Creative director Alessandro Michele is leaving Kering's star label Gucci after seven years, two sources said on Wednesday, with his departure following tensions between him and Kering's senior management, one of the sources said.
They said the French luxury group is expected to confirm the departure of Michele, a former accessories designer credited with reviving Gucci's popularity with flamboyant and gender-fluid styles.
Kering and Gucci declined to comment. Michele did not immediately respond to a request for comment.
"There is little doubt that Alessandro is leaving," one of the sources said, adding that the group needed to find someone quickly to step in as creative director for Gucci, which accounts for the bulk of Kering's profits.
"It's a brand that was losing momentum, if they don't put someone in charge quick it will lose even more momentum," this source said.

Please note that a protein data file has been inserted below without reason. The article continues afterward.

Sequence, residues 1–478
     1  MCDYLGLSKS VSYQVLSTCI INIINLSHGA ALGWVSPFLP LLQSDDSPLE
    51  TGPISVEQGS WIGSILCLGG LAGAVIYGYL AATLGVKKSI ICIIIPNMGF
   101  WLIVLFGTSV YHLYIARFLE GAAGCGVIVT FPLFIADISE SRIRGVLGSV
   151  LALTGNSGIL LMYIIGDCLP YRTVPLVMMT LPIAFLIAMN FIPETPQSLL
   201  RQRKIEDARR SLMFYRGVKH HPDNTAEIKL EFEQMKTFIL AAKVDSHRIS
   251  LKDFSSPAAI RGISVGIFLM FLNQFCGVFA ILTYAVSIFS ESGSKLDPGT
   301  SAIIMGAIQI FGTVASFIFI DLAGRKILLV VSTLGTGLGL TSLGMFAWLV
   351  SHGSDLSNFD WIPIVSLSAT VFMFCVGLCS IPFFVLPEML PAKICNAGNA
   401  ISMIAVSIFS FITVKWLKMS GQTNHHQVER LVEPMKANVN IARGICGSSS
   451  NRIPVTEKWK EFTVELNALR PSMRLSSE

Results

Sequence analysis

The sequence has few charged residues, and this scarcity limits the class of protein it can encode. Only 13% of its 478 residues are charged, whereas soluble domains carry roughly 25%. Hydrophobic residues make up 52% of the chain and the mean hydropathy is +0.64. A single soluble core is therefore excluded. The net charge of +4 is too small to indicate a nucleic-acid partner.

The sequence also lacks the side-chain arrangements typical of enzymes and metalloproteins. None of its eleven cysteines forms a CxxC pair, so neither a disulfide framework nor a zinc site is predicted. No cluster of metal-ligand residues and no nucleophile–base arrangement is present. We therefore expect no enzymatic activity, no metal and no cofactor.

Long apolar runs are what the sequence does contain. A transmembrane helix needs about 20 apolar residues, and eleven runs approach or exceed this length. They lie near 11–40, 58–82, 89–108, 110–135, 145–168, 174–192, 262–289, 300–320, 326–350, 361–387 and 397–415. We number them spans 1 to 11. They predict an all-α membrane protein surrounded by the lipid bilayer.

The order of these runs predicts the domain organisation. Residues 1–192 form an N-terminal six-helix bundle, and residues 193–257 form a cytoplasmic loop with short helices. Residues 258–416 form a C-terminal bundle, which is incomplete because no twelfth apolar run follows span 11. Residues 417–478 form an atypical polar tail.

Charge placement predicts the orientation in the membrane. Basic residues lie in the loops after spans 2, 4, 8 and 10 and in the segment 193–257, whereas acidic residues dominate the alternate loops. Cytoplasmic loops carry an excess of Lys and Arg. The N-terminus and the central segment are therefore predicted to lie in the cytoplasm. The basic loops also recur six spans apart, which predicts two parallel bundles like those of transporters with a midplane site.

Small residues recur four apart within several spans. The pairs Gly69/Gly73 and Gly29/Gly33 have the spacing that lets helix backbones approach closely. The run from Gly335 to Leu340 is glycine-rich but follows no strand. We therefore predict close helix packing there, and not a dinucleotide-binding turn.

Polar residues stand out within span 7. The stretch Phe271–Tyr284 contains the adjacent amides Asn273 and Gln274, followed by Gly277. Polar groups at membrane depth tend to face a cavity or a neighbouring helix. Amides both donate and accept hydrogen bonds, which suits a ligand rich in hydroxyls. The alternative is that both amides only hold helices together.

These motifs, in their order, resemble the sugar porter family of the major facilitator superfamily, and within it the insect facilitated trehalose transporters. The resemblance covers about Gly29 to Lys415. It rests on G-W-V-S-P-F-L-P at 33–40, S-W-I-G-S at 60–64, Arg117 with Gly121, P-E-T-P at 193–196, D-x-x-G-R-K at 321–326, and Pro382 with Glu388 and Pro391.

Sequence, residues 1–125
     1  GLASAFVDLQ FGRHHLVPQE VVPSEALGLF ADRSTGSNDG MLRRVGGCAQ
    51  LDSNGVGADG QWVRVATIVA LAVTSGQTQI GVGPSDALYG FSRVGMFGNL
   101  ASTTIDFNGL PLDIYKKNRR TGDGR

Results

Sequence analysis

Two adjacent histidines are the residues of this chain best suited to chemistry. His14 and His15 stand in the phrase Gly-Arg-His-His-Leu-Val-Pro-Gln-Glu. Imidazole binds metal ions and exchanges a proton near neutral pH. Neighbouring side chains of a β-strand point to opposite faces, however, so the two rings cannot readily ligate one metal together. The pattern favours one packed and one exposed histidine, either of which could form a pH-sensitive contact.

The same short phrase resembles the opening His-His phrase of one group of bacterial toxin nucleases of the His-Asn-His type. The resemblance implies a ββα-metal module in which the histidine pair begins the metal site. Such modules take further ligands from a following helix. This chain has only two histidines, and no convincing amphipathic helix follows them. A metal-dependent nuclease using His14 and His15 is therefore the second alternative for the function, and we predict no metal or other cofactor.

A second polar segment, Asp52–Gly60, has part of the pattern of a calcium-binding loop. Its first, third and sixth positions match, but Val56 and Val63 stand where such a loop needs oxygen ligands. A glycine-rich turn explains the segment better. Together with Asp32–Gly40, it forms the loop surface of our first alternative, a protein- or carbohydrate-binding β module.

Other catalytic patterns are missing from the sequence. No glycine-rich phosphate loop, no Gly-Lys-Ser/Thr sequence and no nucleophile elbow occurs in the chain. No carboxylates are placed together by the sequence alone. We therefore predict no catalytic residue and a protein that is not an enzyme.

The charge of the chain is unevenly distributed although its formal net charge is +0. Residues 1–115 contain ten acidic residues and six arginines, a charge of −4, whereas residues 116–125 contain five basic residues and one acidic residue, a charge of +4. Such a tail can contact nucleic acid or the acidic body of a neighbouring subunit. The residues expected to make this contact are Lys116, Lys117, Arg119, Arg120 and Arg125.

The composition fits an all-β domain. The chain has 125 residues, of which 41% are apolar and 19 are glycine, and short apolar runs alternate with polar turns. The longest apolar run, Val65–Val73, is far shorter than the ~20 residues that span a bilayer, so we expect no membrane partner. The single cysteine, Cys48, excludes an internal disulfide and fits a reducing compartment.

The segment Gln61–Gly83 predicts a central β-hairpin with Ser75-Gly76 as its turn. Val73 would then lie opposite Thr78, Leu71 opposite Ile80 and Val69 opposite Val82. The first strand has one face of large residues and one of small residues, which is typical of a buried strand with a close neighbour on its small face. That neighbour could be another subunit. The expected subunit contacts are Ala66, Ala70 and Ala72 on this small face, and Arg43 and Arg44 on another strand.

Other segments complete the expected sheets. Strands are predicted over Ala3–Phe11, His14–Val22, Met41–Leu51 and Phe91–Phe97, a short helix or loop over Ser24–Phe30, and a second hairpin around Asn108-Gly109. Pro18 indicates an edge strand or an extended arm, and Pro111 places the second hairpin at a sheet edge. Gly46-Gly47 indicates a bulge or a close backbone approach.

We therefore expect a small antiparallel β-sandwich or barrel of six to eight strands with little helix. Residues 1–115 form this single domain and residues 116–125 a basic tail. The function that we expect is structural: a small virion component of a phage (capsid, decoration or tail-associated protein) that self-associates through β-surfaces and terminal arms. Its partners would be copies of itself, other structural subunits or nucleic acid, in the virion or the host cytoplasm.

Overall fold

Michele's departure comes as the key holiday season approaches and the January fashion shows.
After pulling back during the pandemic, Gucci plans to return to a full fashion calendar next year, with six collections.
Kering shares opened up 2% on Wednesday after Women's Wear Daily (WWD), citing unnamed sources, first reported Michele's departure. The shares later gave up gains, and were down 0.4% in mid-afternoon trading.
The shares are down by around 24% since the start of the year, compared with a drop of around 4% for LVMH.
"After seven years in charge of Gucci's creative engine, it may well be time for a change, and consensus amongst institutional investors appears to be forming that a new approach is required to reignite the brand," RBC analysts said in a note.
Michele, 49, is known for his eclectic personal style, instantly recognizable at red carpet events, with long hair and beard, often wearing elaborate, brocade tuxedos.
Alongside CEO Marco Bizzarri, he oversaw a period of soaring growth at Gucci between 2015 and 2019, with profits increasing nearly four-fold and revenue almost trebling.
But in recent quarters, Gucci has begun to lag its peers, with its performance in the key Chinese market becoming a source of concern for investors amid COVID-19 lockdowns